Project officials said they wanted to reduce the impact on traffic by just creating one new access point – a right turn from LaFranier Road into the development’s business park. All other South 22 entrances and exits would come from the existing Ridge45 drive on LaFranier Road and the Lloyd Lane and Hammond Road intersection that the developers have offered for the reconstruction. Some planners encouraged the developers to consider a different location for the mall – further north, for example – or to limit its use to those who actually serve the adjacent neighborhoods and would not draw traffic from the entire region. Planning Commissioner Molly Agostinelli, who was off the board when she turned down the previous LaFranier / Hammond commercial center across the street, said she took the opposite view as affected members, saying the adjoining retail trade would actually help reduce the traffic impact too reduce.

“(Residents) can get on their bikes and go anywhere and get a loaf of bread and not get in their car,” she said. Planning Commissioner Chris DeGood encouraged developers to look into the possibility of obtaining permission to install a signaled HAWK pedestrian crossing across LaFranier Road, which would make it easier for residents to access the new BATA transfer station during construction. “Pedestrian connectivity in LaFranier would be really good business,” he said. The developers will take into account the planning commission’s contributions to the conceptual plans and will return at a future meeting with a formal request for approval.

South 22 could be one of several planned housing projects in Garfield Township and the surrounding communities that are helping to bridge an increasing gap between supply and demand for rental units. According to a new report from Housing North and Networks Northwest that analyzed housing demand in the 10 counties area over the next five years, the area could support over 15,000 new housing units by 2025, including 10,880 rental units and 4,660 owner-occupied units. The greatest need is in Grand Traverse County, which is nearly half the rental need with a need of 4,085 units.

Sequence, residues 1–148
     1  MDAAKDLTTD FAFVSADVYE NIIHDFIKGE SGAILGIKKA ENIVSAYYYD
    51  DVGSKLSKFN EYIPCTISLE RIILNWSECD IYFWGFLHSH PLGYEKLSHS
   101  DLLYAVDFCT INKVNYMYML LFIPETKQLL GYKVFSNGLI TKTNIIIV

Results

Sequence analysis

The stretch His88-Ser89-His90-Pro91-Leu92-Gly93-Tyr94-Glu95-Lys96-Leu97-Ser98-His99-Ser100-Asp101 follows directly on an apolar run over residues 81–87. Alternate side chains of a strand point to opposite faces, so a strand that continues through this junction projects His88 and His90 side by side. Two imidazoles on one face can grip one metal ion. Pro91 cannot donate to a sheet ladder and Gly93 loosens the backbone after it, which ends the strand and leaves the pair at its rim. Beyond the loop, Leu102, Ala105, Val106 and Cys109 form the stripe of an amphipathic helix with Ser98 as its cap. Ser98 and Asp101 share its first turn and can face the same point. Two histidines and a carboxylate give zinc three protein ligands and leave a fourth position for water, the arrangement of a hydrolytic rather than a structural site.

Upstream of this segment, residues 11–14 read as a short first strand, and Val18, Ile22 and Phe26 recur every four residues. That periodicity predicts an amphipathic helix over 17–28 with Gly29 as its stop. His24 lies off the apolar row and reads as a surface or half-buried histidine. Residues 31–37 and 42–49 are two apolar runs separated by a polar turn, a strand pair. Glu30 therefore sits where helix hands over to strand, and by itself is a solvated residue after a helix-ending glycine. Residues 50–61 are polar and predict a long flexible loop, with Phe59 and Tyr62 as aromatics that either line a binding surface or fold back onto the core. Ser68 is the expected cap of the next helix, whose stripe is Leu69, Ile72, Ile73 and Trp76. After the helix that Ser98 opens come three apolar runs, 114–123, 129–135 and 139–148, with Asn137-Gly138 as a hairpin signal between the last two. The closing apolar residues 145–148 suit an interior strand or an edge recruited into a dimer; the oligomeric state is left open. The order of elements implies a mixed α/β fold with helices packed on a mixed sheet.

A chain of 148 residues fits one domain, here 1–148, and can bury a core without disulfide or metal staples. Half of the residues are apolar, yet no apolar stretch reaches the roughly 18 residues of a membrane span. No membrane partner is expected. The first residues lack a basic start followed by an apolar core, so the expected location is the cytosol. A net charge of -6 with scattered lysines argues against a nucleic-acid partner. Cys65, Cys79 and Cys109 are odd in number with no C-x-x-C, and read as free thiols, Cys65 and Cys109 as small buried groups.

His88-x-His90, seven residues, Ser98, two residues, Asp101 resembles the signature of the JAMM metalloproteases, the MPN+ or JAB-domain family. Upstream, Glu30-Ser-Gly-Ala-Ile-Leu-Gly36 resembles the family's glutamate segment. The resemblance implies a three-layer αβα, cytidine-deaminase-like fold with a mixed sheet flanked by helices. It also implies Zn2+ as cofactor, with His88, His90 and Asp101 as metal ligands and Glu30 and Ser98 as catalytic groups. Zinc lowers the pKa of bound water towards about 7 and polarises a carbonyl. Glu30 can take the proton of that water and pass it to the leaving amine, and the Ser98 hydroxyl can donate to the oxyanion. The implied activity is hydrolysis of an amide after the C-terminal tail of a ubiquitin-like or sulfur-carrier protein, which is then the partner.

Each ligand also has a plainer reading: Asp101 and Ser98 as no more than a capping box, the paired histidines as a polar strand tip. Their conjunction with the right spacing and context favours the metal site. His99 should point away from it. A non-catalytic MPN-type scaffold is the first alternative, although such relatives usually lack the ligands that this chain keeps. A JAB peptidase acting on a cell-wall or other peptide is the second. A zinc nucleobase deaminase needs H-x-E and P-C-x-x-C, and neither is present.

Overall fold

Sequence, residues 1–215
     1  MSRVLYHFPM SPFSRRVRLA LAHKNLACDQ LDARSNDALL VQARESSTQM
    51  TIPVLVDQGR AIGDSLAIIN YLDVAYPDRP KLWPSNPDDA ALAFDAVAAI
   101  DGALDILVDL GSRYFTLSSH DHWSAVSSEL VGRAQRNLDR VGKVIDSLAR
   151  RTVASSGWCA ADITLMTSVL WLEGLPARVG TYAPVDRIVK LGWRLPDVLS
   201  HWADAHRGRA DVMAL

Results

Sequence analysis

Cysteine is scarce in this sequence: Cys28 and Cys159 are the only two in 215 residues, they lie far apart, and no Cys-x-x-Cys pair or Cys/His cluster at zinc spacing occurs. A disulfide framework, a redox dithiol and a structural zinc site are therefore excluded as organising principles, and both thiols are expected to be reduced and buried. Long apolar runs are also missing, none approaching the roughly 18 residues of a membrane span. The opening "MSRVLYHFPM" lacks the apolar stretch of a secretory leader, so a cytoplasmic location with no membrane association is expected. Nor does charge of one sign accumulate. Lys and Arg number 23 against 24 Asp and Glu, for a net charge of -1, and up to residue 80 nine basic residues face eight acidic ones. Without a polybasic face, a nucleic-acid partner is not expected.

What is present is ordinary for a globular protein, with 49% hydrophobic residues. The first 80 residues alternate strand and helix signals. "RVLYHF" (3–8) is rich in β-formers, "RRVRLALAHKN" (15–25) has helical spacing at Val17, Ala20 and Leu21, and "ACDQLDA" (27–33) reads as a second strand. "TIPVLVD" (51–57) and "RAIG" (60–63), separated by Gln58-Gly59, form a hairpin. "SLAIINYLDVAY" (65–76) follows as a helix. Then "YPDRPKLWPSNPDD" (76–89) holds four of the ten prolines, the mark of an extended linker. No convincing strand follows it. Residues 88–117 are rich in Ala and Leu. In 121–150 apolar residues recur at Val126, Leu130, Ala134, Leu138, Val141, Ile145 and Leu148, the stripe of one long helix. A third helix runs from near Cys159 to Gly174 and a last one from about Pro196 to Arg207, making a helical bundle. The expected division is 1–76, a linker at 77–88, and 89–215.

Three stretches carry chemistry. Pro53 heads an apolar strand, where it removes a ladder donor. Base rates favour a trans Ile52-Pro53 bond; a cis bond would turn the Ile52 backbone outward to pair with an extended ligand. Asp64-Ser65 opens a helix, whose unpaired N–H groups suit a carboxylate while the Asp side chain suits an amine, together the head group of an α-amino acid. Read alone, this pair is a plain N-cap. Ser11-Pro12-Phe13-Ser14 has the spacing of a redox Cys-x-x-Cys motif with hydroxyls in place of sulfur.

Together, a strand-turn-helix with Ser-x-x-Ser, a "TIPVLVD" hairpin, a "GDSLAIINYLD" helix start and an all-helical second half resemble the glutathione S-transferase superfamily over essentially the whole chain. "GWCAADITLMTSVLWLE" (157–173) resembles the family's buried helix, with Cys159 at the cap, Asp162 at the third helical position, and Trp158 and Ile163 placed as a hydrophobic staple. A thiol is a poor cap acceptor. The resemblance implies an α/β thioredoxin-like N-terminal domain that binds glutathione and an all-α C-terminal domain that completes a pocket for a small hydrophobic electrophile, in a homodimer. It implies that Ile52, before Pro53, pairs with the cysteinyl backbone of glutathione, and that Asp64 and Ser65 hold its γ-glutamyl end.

According to Northern Express, sister publication of The Ticker this week, the offer doesn’t even come close to the number of units needed. Recent statistics show the region is adding about 1,000 units annually, far less than 3,000 units, to keep up with demand. In the meantime, short-term rents have further exacerbated the crisis. Although northwest Lower Michigan lives just three percent of the state’s population, it makes up a quarter of Michigan’s short-term rents. From 2016 to 2018, the offers increased by 233 percent. Those numbers have continued to rise during the pandemic with around 180 percent growth over the past year.

“We’re just trying to get a pulse on what people really need,” Yarrow Brown, Executive Director of Housing North, told Northern Express about the new report. “And I think sometimes we don’t know [what we need] until we really dive into a market study or do a survey. It is really important that every community understands their needs so that they can get their residential goals in order. We shouldn’t just build things that think they’re going to be filled. It will of course be filled in the face of the market. But there is still a lot of empty land that is set up for development that has not yet been built on. How can we incentivize those properties that are ready to develop and get the right types of units on them quickly? “